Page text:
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Title: Immunocytochemical investigation of caries-induced neural, vascular and leucocyte responses in human primary and permanent tooth pulp
Author: Rodd, Helen
Awarding Body: University of Sheffield
Current Institution: University of Sheffield
Date of Award: 2001
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This immunocytochemical study investigated nerve density and morphology, neuropeptide expression, vascular status and leucocyte accumulation within the human tooth pulp. It specifically examined differences between the primary and permanent dentition, and explored the effect of caries on the above parameters. The study also sought to correlate quantitative findings with a reported pain history. Mandibular first permanent molars and second primary molars were obtained from children requiring dental extractions under general anaesthesia. A simple pain history was elicited for each patient. Following exodontia, teeth were split longitudinally, placed in fixative and were categorised as intact, moderately carious or grossly carious. The coronal pulps were removed and serial frozen sections were processed for indirect immunofluorescence. Triple-labelling regimes were employed using combinations of the following antisera: i) protein gene product 9.5 (a general neuronal marker; ii) the neuropeptides calcitonin gene-related peptide, substance P, vasoactive intestinal polypeptide or neuropeptide Y; iii) Ulex europeaus I lectin (a label for vascular endothelium) and iv) leucocyte common antigen (a general leucocyte marker). Image analysis was then used to determine the percentage area of immunostaining for each label within different anatomical regions of the coronal pulp. The findings revealed that there were significant inter-dentition differences for the biological variables under investigation. Essentially, in intact samples, innervation density and neuropeptide expression were greater in permanent teeth but primary tooth pulps were more vascular and contained a greater number of leucocytes. With caries progression, both dentitions demonstrated significant increases in neural density, neuropeptide expression and leucocyte accumulation. However, changes in pulpal vascularity were limited to the pulp hom regions. The only factors found to correlate with the reported pain history were substance P and vasoactive intestinal polypeptide expression. These peptides were significantly upregulated in painful pulpitis. Finally, there was evidence to suggest that changes in neuropeptide expression were associated with changes in vascular status and leucocyte accumulation within the inflamed pulp. In conclusion, this study has established that significant inter-dentition differences exist in pulpal biology. Furthermore, dynamic changes in pulpal neural density and neuropeptide expression seem to occur with caries progression. These findings are likely to have functional importance in terms of pain experience, inflammation and healing, and thus may help to direct the development of novel therapeutic strategies for the compromised dental pulp.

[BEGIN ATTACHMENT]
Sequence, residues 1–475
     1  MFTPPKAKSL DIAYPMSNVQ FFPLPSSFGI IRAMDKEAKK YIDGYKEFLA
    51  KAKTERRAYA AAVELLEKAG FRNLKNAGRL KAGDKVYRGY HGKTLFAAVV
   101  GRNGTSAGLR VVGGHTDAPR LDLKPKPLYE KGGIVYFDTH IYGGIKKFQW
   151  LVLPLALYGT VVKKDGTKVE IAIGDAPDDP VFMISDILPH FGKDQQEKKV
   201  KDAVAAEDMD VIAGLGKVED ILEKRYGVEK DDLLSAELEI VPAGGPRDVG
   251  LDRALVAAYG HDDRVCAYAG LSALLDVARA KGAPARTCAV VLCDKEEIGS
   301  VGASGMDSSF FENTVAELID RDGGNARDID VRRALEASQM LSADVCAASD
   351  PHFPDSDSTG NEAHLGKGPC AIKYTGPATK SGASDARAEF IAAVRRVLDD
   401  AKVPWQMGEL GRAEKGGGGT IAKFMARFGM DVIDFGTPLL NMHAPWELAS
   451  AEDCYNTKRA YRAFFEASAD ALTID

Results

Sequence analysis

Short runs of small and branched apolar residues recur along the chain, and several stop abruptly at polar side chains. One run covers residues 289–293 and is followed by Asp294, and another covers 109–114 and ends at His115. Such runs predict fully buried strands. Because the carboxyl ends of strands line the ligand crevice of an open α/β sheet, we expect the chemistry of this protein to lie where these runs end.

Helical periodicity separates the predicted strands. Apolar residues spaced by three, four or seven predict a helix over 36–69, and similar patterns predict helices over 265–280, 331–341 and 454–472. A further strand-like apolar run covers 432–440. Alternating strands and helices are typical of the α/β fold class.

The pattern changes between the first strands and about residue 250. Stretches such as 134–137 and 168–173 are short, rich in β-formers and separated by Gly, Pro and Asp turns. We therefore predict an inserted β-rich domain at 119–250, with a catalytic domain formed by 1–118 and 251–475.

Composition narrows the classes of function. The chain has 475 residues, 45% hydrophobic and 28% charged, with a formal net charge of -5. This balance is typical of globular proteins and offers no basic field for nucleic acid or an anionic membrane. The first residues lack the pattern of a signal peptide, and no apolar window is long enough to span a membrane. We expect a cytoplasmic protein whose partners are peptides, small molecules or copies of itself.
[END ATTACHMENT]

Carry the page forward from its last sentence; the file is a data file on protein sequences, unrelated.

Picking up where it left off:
Supervisor: Not available Sponsor: Not available
Qualification Name: Thesis (Ph.D.) Qualification Level: Doctoral
EThOS ID:  DOI: Not available